What President Obama Can Learn From His Favorite TV Shows

President Obama, in his continuing quest to be both perfect parent and semi-hipster in his pop culture consumption habits, told People Magazine that his favorite television shows are Modern Family, Homeland, and Boardwalk Empire. Two of those three are about government (or the people who live in opposition to it), but all of these shows offer lessons for the man who holds the World’s Hardest job.

1. Drama never gets you anywhere (Modern Family): No Drama Obama’s alternately been praised for rising above Washington nonsense and pilloried for supposedly failing to fire up his base. But if there’s one thing ABC’s hit comedy preaches, it’s that getting all fired up generally isn’t worth it. Whether you’re freaking out on a bird in your living room, your overly-sexy, age-inappropriate step-mother, or letting Eric Cantor bait you, keeping your focus on your desired outcome rather than a perceived slight is the quickest route to getting what you want while expending minimal energy.

2. Listen to Women (Homeland): Earlier this fall, Obama took heat when Ron Suskind’s most recent book on the administration suggested that the Commander in Chief and his closest male advisers blew off the counsel of high-ranking female staffers. Now, I assume no one quite as mentally unhealthy as Carrie Mathison is working in the Obama White House. But the show’s a reminder that if we can overlook Rahm Emanuel’s temper tantrums, we should try to look past charges that women are “emotional,” too. Insights come from all sorts of places.

3. Sad but true: minority constituencies will be pretty patient (Boardwalk Empire): Boardwalk Empire started its second season with Nucky Thompson playing Atlantic City’s white and black communities off against each other. He supports Chalky White’s strike, but only when the black community tells Chalky they’re done being patient with him — and when stirring up the city coincides with Nucky’s own interests. And the season ended (in part) with Jimmy Darmody delivering more compensation money — and three Klansmen — to Chalky for judgment and distribution to the victims’ families. But he could have bought himself a meeting with Nucky with less. Leadership like that is what gets us the administration’s decision Plan B.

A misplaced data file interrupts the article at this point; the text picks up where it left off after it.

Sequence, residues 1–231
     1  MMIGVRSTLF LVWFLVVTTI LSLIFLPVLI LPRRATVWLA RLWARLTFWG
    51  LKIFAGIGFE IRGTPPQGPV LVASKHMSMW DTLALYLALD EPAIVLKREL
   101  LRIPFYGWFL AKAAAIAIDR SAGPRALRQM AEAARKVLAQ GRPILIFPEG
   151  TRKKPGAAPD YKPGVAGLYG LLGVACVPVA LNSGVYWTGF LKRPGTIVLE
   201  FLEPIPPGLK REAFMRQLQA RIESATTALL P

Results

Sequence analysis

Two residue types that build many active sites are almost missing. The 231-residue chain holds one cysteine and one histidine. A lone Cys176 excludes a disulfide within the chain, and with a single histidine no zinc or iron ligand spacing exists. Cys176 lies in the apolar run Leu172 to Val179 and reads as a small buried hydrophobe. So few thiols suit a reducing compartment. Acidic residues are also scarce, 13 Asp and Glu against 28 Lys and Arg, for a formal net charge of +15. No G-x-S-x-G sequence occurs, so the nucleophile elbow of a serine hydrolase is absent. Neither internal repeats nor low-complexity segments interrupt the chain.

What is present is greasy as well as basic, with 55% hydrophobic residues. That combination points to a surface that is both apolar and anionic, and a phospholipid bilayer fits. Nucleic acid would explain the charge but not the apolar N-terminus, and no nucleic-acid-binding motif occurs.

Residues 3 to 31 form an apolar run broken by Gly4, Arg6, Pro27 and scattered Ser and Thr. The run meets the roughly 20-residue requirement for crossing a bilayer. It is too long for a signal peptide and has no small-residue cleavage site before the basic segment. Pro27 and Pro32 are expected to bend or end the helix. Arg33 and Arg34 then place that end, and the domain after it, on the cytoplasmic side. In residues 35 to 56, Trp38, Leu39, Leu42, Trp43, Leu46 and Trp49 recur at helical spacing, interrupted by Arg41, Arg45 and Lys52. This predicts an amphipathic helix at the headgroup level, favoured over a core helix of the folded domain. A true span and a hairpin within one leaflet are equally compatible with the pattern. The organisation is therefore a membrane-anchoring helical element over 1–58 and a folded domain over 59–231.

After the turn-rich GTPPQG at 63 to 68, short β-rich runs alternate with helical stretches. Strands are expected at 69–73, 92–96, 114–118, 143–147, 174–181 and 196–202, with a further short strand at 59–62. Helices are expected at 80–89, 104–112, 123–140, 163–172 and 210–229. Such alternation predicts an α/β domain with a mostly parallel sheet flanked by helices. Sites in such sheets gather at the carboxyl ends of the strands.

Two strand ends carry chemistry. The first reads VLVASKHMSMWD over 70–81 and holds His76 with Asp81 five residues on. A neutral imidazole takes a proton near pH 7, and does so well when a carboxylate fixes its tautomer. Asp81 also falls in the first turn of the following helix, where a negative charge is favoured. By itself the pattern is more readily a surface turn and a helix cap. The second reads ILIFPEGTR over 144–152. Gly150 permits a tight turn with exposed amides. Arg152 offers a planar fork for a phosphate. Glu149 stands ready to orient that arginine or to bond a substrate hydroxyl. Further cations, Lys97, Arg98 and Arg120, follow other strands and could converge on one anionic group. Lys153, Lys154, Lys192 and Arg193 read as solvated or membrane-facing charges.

4. Diversity is strength (Modern Family): The show’s having a bit of a shaky season. But it’s at its best when devoted to storylines that show us people who thought they were different bridged by common interest, whether Cam and Jay bond over football or Gloria peps Claire up to run for local office. The message isn’t just that our differences are bridgeable — it’s that we’re stronger when we can make common cause on those shared interests and convictions.

5. National security and foreign affairs involve huge shifts — but individual actions matter too (Homeland): Just because the home-grown terrorists who periodically make headlines generally don’t seem to be all they’ve cracked up to be doesn’t mean that individuals can’t change the course of foreign policy and international affairs. Mohamed Bouazizi’s self-immolation in Tunisia helped set off the Arab Spring. On the season finale of Homeland, Tom Walker and Nicholas Brody may make terrible history, as did the September 11 hijackers. We can try to make ourselves safer and our institutions stronger. But we probably can’t reduce the complex motivations that lead people to protest or to terror to predictable algorithms.